Computer simulation models are the primary tools by which knowledge of the workings of the Earth System can be integrated, and the results of these models are, in many ways, one of the major payoffs of the USGCRP. Only through Earth system models can we, for example, predict future climate variability and change, including the possible effects of human activities on the global climate system. The long-term objective of Earth system modeling and simulation is to create and apply models that provide credible predictions (including levels of certainty and uncertainty) of changes and variations in climate on regional-to-global scales, along with useful projections of potential environmental and societal consequences. Gaining scientific understanding and predictive capability for variability and change in our planet’s environment requires the study of the dynamic interactions among the major components of the Earth system, including the oceans, atmosphere, land surface, and sea ice.
Over the past several years, a number of internal and external analyses have identified significant problems with the U.S. climate modeling effort. The most recent of these is a study by the National Research Council, Capability of U.S. Climate Modeling to Support Climate Change Assessment Activities, which states that while the U.S. community is "a world leader in intermediate and smaller climate modeling efforts, it has been less prominent in producing high-end climate modeling results, which have been featured in recent international assessments of the impact of climate change." In the modeling community, the U.S. has been falling behind many other nations in its ability to perform long-term climate simulations. Modeling centers in Australia, Canada, England, Germany, and elsewhere have computational abilities that far exceed those of U.S. centers. The U.S. is now relying heavily on these foreign modeling centers in producing scenarios of how climate will evolve in the future. The NRC report went on to state that
. . .insufficient human and computational resources are being devoted to high-end, computer intensive, comprehensive modeling, perhaps, in part, because of the absence of a nationally coordinated modeling strategy. . .In order to optimally use existing scientific capabilities, adequate resources, including greatly improved supercomputing capabilities, need to be provided to the climate modeling community. The reliance of the United States upon other countries for high-end climate modeling must be redressed.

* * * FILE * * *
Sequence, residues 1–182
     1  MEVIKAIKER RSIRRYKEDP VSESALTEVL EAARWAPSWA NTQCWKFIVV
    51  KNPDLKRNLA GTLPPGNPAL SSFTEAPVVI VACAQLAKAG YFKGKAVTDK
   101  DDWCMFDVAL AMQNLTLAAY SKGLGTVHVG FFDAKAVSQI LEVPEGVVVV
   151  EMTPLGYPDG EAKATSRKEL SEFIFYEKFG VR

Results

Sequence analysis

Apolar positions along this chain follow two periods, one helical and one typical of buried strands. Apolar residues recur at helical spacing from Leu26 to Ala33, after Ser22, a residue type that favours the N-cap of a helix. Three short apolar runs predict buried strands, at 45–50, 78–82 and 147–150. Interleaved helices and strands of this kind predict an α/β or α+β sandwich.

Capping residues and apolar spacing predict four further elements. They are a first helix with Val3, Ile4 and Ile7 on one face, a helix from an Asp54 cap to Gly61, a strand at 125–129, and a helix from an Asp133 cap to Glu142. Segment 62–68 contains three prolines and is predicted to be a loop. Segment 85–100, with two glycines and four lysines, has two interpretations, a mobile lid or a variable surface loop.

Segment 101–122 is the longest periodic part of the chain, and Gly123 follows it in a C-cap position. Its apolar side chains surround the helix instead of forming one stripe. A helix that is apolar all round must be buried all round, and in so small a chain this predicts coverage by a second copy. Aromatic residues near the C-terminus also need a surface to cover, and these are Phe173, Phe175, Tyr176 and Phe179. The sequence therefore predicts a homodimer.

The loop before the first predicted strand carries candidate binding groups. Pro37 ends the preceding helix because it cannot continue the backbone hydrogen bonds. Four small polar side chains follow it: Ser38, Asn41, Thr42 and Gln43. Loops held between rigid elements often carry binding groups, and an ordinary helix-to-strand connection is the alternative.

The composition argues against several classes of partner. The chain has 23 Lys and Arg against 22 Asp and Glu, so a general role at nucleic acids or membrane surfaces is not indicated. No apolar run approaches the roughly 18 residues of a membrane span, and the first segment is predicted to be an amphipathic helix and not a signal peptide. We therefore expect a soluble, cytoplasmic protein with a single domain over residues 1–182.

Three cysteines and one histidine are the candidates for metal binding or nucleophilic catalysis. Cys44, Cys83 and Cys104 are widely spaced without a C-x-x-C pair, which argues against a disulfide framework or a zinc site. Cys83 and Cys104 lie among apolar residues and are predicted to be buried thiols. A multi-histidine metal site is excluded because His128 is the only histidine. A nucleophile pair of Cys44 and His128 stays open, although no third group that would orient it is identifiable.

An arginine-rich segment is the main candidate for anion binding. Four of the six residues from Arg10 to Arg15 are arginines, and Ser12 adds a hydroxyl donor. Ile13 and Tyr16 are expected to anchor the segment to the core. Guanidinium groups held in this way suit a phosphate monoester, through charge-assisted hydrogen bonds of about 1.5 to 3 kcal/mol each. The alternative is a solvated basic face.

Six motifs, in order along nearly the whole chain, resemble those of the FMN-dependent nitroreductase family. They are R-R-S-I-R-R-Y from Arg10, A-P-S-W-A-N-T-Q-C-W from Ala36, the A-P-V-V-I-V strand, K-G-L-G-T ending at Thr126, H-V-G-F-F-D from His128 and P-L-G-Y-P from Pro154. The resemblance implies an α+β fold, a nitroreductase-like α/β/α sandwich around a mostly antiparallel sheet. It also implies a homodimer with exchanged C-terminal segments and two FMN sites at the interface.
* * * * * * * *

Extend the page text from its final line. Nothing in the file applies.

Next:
Figure 9. Ocean circulation: comparison of modeling and observation
The USGCRP agencies are working to provide short-term relief to the current computing capacity shortfall in the Nation’s leading climate modeling centers. However, incremental changes to current capability and program structure will not be adequate to the long-term task. A more substantial response to this need is underway.
With DOE and NSF taking the lead, the USGCRP has been developing a long-range, Accelerated Climate Prediction Initiative (ACPI). The ACPI takes an integrated view of the improvements required to accelerate progress in climate simulation and projection of climate change. Interrelated activities in model development and evaluation, simulations, and projections, and analysis and assessment will be addressed by concurrent improvements in the models themselves, data availability and usefulness, computer speed and memory, collaboration and data management capabilities, and widespread institutional interaction. The USGCRP agencies will develop a more integrated modeling strategy, including improved program integration and development of overall USGCRP climate modeling priorities that are closely linked to overall USGCRP climate system research objectives.
Major steps forward in large-scale U.S. climate modeling will require major increases in computational resources and a coupling of increased computational capability with increased scientific knowledge of climatological phenomena. Indeed, the specifically articulated goals of the ACPI are to: (1) accelerate progress in general circulation model development and application; (2) reduce substantially the uncertainties in model-based projections of global environmental change on the full range of relevant timescales; and (3) increase the availability and usability of global change projections to the broader environmental research and environmental assessment communities.
It is estimated that these goals will require, from the hardware side, horizontal model resolutions of 30 km in the atmosphere, 1 km of the land surface, and 5-10 km in the ocean. These needs, added to the requirements of multiple ensemble runs for statistical confidence, dictate the imperative for teraflop (trillions of operations per second) computational capability.
To achieve this enhancement of the Nation’s climate modeling capabilities,
many of the USGCRP agencies are participating in the Administration’s Information
Technology for the 21st Century initiative. The information technology
focus for the USGCRP is on developing computational tools that will support
climate modeling using the teraflop-scale computational resources created
and made available through the overall Information Technology Initiative.
This will be a key aspect of implementing the integrated strategy that
is being developed through the ACPI.